“I guess the best answer that I can give, is the answer I give her, that in keeping it all private, there is an oppressive sense that I am hiding in a closet in order to stay safe, something that I physically had to do as a young child. I hid in boxes, closets and elsewhere hoping to be safe. And as I got older, as a youth, I learned to hide within myself, build barriers so that I would not be seen and thus not hurt, as much. As an adult, the barriers were thick, so thick that I lost track of that which had been hidden and protected myself along with all the garbage, the history and the shame. I was a successful, very successful teacher, coach and therapist. Even though I am an introvert, I was able to be active enough in the community. It all worked until the barriers began crumbling.
I am somewhat of a slow learner when it comes to dealing with change. I spent years trying to patch up the cracks with no success. When it finally became evident that I couldn’t stop the collapse of the dam holding back all that I had denied about myself, denied to myself, to my wife, to my family and to the world, I ran – literally.
In spite of the running, in spite of a return to meditation and becoming a Buddhist, in spite of a return to naturalism and of taking the opportunity to relax in retirement, I found that I continued to deny myself. I continue to look to others for permission.” [March 21, 2013]
It was time for me to stop asking permission, always trying to second guess what others wanted of me, trying to reshape myself to fit into those expectations. Telling my story, exposing everything, was all about setting the context of where I came from and how I survived extensive childhood trauma. I wrote in order to allow others to finally get to know who I really was. It was at this time that the Naturist Lens blog site shifted. I began to post images that were more personal, taking an even greater risk with being honest about who I was.
One of the risks I took without realising that it was a risk, was in taking my nude meditation into the garden area. As the weeks had gone by, the sense of privacy allowed me to feel invulnerable. This garden was my safe place. I still continued to go to sunbathe near the clothing optional beach, but meditation was saved for my secret garden.
With just a few weeks remaining in our stay at Casa Sorpresas, the woman who had rented us the studio walked into the garden while I was meditating. She saw me and silently retreated only to come back a short while later as my meditation was almost done with a gift to give to both of us, a deck of cards that featured her mother’s art work. She ignored the fact that I had no clothes on. She then asked if we wanted to rent the studio again for the next winter. It was as if I had just passed a test. In spite of my nudity, she was willing to have us back as seasonal renters.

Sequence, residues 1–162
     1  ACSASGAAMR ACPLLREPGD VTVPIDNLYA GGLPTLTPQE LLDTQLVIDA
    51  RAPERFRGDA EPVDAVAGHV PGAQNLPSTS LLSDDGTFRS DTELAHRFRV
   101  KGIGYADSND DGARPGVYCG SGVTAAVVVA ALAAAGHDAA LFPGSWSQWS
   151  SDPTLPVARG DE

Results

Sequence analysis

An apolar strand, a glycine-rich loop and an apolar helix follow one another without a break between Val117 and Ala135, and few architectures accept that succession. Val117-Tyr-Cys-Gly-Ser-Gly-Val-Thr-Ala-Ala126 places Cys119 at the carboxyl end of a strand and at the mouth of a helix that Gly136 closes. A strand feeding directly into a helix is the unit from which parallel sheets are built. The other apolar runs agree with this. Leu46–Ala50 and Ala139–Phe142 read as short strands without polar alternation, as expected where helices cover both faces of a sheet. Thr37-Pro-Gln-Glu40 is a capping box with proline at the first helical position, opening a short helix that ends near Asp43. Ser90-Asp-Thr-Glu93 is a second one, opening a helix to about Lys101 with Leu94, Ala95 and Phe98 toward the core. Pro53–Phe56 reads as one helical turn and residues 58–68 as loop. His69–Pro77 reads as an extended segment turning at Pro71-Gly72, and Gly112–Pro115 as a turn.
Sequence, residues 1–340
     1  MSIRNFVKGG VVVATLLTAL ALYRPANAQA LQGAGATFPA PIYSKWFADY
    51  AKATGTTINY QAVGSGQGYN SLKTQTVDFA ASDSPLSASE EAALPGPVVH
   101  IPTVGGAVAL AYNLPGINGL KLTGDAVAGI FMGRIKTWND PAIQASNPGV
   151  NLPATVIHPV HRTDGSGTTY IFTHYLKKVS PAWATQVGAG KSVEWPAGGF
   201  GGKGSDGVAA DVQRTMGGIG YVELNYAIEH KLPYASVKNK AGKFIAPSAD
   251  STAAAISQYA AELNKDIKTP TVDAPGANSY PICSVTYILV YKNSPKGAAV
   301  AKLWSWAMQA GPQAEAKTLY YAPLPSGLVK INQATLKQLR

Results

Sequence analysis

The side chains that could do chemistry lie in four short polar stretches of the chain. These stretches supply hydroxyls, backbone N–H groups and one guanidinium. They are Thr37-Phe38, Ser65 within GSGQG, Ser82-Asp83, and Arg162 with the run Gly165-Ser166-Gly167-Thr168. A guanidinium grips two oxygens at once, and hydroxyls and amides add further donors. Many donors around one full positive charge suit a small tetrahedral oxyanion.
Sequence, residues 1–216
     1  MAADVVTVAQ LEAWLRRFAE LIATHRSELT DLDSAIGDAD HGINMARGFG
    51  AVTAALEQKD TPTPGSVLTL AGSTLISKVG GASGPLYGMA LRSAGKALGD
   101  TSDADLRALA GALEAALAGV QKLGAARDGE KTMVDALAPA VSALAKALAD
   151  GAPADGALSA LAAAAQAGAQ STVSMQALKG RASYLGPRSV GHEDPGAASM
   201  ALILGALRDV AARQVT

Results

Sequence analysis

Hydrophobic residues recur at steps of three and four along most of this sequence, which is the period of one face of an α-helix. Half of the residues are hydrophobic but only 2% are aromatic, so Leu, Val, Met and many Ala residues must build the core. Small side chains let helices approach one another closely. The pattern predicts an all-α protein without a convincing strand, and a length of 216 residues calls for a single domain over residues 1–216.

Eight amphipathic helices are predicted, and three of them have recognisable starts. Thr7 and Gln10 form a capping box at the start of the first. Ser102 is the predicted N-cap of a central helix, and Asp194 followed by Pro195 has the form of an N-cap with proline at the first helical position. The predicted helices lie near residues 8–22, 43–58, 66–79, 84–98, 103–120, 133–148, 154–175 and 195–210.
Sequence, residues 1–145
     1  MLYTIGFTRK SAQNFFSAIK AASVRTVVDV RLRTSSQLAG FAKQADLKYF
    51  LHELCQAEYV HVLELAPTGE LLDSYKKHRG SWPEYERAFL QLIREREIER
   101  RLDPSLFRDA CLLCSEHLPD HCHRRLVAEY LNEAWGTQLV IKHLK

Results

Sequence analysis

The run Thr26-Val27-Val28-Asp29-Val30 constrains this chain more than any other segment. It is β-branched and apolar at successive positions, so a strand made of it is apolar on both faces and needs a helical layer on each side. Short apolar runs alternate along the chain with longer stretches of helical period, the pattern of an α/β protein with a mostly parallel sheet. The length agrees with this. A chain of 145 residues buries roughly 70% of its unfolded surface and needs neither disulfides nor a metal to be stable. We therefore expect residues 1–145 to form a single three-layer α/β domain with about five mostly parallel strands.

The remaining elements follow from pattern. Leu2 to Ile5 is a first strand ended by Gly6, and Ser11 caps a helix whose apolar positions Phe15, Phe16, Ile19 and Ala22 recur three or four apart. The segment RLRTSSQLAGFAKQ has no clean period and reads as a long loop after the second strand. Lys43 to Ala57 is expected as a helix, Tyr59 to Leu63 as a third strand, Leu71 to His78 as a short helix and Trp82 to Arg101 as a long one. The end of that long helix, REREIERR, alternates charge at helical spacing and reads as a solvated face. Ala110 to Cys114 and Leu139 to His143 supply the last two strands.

I began to write even more poetry, this time as part of a National Poetry Writing Month project at the beginning of April. I was writing purposefully, poetry that was naturist, poetry that would expose and honour my inner self, my authentic self.
Just Sit There – In Your Skin
[Reaching for the pillow, my seat,
then reaching for a towel to cover
pillow and the ground as cushion
I walk out of the villa into the yard]
[Facing the sun, I place the pillow just so
carefully refolding the towel, placing it
so it covers my seat, a naturist habit
then folding the rest to cushion the ankles
against the hardness of the patio’s surface]
[I take my seat and take a deep breath
signalling body and mind that it is
time to let go of everything but breath
Breathe in, breathe out, pause
Repeat and repeat until even the
concentration is gone and all
that remains is emptiness
a strange full emptiness
[April 2, 2013]
We had two weeks left in Puerto Morelos and we had already booked for two months at Casa Sorpresas for the following winter. We would have to find a place for January as the owner of the studio had already booked that month for someone else. For the remainder of our time in Puerto Morelos, we both relaxed with the knowledge that we were going to return to this same village and the same studio with my secret garden.
It was time to pack our bags and for me to put my clothing back on. Our home in Saskatchewan was waiting for us.
Life returned to some sort of normal back in Saskatchewan. It was a newer and shifting and constantly changing normal that had to take into account that the couple who had left in January had both changed and were continuing to change even more with the passing of time. In spite of the weather, my naturist tendencies remained with nude meditation, and braving the cool spring weather while being skyclad on the prairie hills on rare occasions.
“A few months ago I posted why I have shifted my life to include being nude at opportune times – at home, in private nature spaces and along clothing-optional stretches of beach. Nothing has changed since that post other than the sense that my need for being clothing free seems to be stronger than ever. Not only do I feel that naturism is part of my healing process, I also have begun to experience joy. Simply being without clothing brings a sense of lightness to my spirit. It is as though I have escaped from a locked box in which the universe is darker and sadder. Who wouldn’t want to feel more joyful in their lives?” [May 11, 2013]